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Home > Blog > Wrongful Death > Georgia’s Two Year Statute of Limitation Bars Nephew’s Wrongful Death Action Where Damages Are Not Paid to Decedent’s Estate-Metropolitan Atlanta Rapid Transit Authority v. Maloof

Georgia’s Two Year Statute of Limitation Bars Nephew’s Wrongful Death Action Where Damages Are Not Paid to Decedent’s Estate-Metropolitan Atlanta Rapid Transit Authority v. Maloof

people on the bus looking towards the front

Time waits for no one. Not even for surviving kin who try to bring a wrongful death action while wrapping up their family’s estate. That is the lesson Stephen Maloof learned the hard way as he tried to recover damages for the wrongful death of his aunt from the Metropolitan Atlanta Rapid Transit Authority (MARTA).

On April 13, 2005, Maloof’s aunt Lorraine was killed in a MARTA transit van when it collided with a vehicle driven by William Cleveland. The impact threw Lorraine from her wheelchair, injuring her knee. Lorraine died from her injuries on August 23, 2005. Maloof sued MARTA and Cleveland, alleging their negligence resulted in his aunt’s wrongful death. The court found Maloof lacked standing as Lorraine’s nephew to bring a wrongful death action, but could do so as the administrator of her estate, on behalf of her next of kin.

It took a while for Maloof to become the administrator of Lorraine’s estate. Two months after being appointed to the position, Maloof re-filed the wrongful death action against MARTA. MARTA argued Georgia’s two-year statute of limitation barred Maloof’s suit. Maloof contended the statute was tolled, or stopped running, for the time between Lorraine’s death and his appointment as administrator of her estate. The court disagreed.

The statute of limitation for bringing wrongful death actions in Georgia is governed by the Official Code of Georgia Annotated (OCGA) §9-3-33, which provides: “Actions for injuries to the person shall be brought within two years after the right of action accrues.” Here, the wrongful death action accrued on August 23, 2007. Maloof argued the statute was tolled while he became administrator of Lorraine’s estate.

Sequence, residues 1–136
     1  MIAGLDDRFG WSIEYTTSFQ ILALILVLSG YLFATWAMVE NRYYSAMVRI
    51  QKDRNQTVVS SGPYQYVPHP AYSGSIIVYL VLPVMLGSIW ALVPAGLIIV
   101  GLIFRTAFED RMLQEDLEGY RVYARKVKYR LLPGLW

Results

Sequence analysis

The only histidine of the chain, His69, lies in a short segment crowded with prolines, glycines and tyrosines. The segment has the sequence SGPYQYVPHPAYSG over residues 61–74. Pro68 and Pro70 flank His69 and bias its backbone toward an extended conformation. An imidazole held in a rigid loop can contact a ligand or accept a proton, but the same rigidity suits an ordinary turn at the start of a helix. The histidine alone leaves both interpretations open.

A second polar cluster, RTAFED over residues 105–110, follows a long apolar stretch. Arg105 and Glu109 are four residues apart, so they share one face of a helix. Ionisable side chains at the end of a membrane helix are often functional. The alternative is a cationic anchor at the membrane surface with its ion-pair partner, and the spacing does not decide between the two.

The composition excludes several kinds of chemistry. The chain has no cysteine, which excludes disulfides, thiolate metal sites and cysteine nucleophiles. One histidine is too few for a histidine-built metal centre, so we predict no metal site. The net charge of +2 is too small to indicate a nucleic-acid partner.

The court distinguished between Maloof’s individual claim for wrongful death and an estate’s claim for pain and suffering. Here, proceeds from the wrongful death action would go to Maloof, not the estate. Because the estate had no financial interest in the litigation, the statute of limitations was not tolled while Maloof became administrator of Lorraine’s estate. Maloof’s wrongful death, filed more than nine months after the two-year statute of limitation had expired, was thus barred.

Although it seems harsh, courts strictly enforce statutes of limitation because they guarantee the expedient disposition of cases while “memories are still fresh” and the facts and circumstances relatively unchanged. It is therefore important to act quickly and preserve your claim.

At Stokes & Kopitsky, we understand that dealing with legal matters is probably the last thing on your mind after the death of a loved one. But we also believe you should not lose out on a potential recovery when you are not even aware of the possible technicalities. We are here to evaluate your case and advise you of your legal options while walking you step by step through the legal process. We do not charge attorney’s fees unless we get you the compensation to which you are entitled. If you believe your relative’s death was caused by the negligence of another, call an experienced Atlanta wrongful death attorney at 800-700-5050 for a free consultation or fill out our online Contact Us form.

Web Resources:
Metropolitan Atlanta Rapid Transit Authority v. Maloof, law.justia.com

OCGA 9-3-33, Limitations of Actions, law.justia.com

More Blog Posts:
Georgia Auto Accident Victim Must File Ante-Litem Notice Warning City of Lawsuit Against Officer Who Hit Her With Police Cruiser-DeLoach v. Elliot, The Atlanta Personal Injury Attorneys

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